Turkey’s Eximbank is set to pour $40 billion in loans and insurance into more than 100,000 companies in 2017 and to launch its own rating system to measure companies’ eligibility for loans, the head of the organization has said.
“We offered $22 billion in loans and $11 billion in insurance in 2016. We backed some 22.7 percent of Turkey’s exports last year. We plan to increase this to 26 percent over this year by offering $40 billion in loans and insurance,” said Türk Eximbank General Manager Adnan Yıldırım in a press meeting late on Feb. 15.
He said the lender planned to reach around 100,000 companies in 2017 – 65 percent of which were composed of exporters.
Yıldırım said some improvements in loan offers were underway.
“We will offer loans in line with the results of our rating system. In this vein, we will make our own rating system by the end of this year,” he said, according to a follow-up press release.
Yıldırım said 44 percent of export loans are offered by Türk Eximbank in the country through 28 different loan programs.
“Compared to other lenders, Türk Eximbank’s lira-based loans offer an average of 6 percentage points of interest rate advantage. This is around 2-2.5 percent in foreign exchange loans. We are about to provide new advantages in the upcoming period,” he added.
According to Yıldırım, big exporters will also be able to benefit from Eximbank’s loans by presenting collaterals from the Credit Guarantee Fund (KGF), just as their smaller counterparts can. Yıldırım also said Türk Eximbank wanted to improve its ties with foreign eximbanks.
Türk Eximbank already has deals with U.S. and Russian-Kyrgyz counterparts and will soon sign a cooperation deal with Italy’s Eximbank on Feb. 22, Yıldırım said. “We also plan to clinch deals with the U.K. and Belgium.”
KGF General Manager İsmet Gergerli emphasized the importance of recently announced financial support for the real sector and exporters on the road to ensuring Turkey meets its foreign exchange needs.
“While our credit volume was 20 billion liras in the past, this figure has recently increased to 250 billion liras. We had a limited cooperation with Eximbank in the past. This has changed as well. We offered loans to small- and medium-scaled enterprises (SMEs) from our own sources in the last 25 years. However, only 11 percent of our exporters are composed of SMEs, and the remaining 89 percent are not. It was not possible for us to boost our exports only by offering financial support to SMEs. In this vein, we have all decided to offer loans to non-SMEs. We have also eased the bureaucratic procedures for all exporters,” he said, adding that the collateral applications were met in less than 24 hours.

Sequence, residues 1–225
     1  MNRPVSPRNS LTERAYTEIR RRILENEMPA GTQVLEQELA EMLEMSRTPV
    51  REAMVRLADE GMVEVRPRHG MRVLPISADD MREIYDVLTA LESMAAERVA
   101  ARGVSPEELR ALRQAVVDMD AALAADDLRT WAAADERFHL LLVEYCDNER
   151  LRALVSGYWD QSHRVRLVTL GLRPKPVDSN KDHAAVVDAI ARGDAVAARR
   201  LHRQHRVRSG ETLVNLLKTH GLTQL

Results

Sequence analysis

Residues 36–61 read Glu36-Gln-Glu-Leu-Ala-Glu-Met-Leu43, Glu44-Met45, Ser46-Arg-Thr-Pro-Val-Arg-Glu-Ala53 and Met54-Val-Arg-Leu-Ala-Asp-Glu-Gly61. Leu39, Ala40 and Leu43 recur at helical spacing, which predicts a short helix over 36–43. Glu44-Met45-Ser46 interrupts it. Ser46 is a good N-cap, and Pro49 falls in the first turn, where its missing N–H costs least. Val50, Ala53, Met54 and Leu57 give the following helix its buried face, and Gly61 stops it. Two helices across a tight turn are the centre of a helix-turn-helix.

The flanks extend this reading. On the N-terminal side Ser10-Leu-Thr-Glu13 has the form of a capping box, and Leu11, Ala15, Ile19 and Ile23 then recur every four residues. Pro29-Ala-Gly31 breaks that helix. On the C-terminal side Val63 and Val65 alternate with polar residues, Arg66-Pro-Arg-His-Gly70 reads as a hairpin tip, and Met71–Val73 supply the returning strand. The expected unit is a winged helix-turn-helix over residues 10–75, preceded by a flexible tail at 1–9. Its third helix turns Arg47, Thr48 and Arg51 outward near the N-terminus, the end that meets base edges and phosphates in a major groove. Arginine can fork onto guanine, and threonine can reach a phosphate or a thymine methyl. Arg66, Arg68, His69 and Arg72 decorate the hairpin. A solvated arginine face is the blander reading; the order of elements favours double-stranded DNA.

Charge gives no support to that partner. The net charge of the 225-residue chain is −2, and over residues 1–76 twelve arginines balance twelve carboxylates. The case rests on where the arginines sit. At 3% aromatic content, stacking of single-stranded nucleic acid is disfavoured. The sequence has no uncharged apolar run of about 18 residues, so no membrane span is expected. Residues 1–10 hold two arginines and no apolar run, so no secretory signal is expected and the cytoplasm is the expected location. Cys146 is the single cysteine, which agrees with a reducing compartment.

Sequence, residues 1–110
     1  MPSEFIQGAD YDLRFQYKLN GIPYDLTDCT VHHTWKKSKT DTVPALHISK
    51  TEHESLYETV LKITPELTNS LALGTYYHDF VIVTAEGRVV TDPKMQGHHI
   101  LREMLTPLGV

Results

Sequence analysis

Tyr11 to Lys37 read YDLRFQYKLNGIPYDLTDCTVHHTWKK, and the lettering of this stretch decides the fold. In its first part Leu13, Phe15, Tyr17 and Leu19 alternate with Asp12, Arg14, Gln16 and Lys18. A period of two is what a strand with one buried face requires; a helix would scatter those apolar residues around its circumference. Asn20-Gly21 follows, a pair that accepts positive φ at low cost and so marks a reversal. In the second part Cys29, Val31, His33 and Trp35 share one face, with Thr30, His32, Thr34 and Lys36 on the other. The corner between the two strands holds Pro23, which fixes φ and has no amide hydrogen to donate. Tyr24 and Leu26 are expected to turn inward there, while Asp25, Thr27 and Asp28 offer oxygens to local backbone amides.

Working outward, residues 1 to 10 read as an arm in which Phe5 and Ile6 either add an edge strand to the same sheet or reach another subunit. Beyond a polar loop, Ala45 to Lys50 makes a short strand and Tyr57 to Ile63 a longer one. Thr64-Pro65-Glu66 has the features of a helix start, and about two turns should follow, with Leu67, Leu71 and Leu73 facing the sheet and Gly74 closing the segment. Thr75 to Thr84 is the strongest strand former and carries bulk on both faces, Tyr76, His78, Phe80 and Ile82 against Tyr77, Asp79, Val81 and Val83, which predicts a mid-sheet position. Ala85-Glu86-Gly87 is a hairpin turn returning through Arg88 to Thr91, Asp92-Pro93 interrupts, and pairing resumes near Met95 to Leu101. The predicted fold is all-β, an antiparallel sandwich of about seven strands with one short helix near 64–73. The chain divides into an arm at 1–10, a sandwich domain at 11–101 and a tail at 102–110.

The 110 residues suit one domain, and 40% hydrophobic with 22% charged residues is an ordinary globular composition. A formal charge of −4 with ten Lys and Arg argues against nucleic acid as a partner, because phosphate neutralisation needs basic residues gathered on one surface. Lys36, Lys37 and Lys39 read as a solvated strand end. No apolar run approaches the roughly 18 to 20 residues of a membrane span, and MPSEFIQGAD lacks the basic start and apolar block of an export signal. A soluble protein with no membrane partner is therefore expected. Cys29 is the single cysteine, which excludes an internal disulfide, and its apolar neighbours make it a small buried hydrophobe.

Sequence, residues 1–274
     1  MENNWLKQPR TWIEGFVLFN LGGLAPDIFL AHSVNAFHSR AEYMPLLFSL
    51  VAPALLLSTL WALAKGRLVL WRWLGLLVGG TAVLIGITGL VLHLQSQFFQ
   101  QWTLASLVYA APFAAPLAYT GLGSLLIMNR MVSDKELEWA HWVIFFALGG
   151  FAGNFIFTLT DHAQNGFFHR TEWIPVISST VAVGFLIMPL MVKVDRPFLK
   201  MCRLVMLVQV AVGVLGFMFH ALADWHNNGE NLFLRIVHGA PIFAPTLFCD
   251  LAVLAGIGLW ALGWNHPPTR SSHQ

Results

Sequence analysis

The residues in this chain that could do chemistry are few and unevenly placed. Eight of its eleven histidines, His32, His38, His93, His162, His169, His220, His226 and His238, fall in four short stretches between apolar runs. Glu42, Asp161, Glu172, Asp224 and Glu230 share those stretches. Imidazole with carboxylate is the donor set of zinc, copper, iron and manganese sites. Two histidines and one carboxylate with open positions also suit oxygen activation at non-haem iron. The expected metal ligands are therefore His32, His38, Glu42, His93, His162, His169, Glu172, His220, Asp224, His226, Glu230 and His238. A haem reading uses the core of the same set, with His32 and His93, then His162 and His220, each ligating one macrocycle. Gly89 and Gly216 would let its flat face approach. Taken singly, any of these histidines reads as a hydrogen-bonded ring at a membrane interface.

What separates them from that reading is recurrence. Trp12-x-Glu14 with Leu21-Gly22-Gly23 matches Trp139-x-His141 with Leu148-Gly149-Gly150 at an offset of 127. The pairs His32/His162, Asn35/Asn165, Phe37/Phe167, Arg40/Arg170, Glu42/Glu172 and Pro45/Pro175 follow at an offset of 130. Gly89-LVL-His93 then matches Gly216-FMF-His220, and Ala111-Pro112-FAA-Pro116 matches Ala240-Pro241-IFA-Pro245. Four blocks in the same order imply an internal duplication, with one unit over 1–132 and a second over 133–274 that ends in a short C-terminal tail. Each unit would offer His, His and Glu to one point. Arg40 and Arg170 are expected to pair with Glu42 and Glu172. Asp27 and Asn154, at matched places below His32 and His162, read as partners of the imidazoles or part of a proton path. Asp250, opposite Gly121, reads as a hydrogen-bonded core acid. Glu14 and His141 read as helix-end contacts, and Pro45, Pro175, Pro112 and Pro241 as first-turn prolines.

“We offered collaterals to 23,000 companies in the last three weeks,” added Gergerl
hina said on Feb. 3 it has never used its currency as a tool to gain an advantage in trade and was not seeking a “currency war”, after U.S. President Donald Trump criticized Beijing for harming American companies and consumers with a devaluation of its yuan.
Throughout his election campaign, Trump threatened to levy punitive tariffs against China in order to bring down the U.S. trade deficit, and any formal declaration of China as a currency manipulator could provide a mechanism for launching that effort.
Trump on Jan. 31 unleashed a barrage of criticism against Japan and China, saying the two key U.S. trading partners were devaluing their currencies.
Japanese policymakers hit back on Feb. 1 at Trump’s accusation, stressing that Japan was abiding by a G-20 agreement to refrain from competitive currency devaluation.
Chinese Foreign Ministry spokesman Lu Kang, in the government’s first response to Trump’s remarks following a week-long recess for the country’s Lunar New Year holiday, said that trade problems between China and the United States should be resolved through talks.
“China has never and won’t use a currency war to seek advantage in trade or to raise competitiveness in trade,” Lu told reporters at a daily news briefing.
“We have no intention of fighting a currency war. From a long-term perspective this is not beneficial to China,” he said.
While China was widely viewed to have held down the value of the yuan to gain a trade advantage five to 10 years ago, many economists say that in the past year, Beijing has been working to prop up the yuan’s value.
China’s central bank has spent hundreds of billions of dollars in reserves to keep the yuan from falling further in the face of capital outflows caused by economic uncertainty. But the currency still fell nearly 7 percent last year, its biggest loss against the dollar since 1994.
Trump’s latest criticism signals a weakening of the U.S. commitment to that agreement among the financial leaders of the world’s top 20 economies, struck after the 2008 financial crisis, that countries would not pursue policies to target exchange rates for competitive purposes.
It was also an indication that the first-term Republican president is prepared to jettison two decades of “strong dollar” policies advocated by predecessors dating back to the Clinton administration.
If the U.S. Treasury Department declares Beijing a currency manipulator, it starts a process under which the Trump administration is required by law to demand special negotiations with Beijing to resolve the issue.
That process could end in punitive duties on Chinese goods aimed at eliminating any advantage that currency manipulation would provide.
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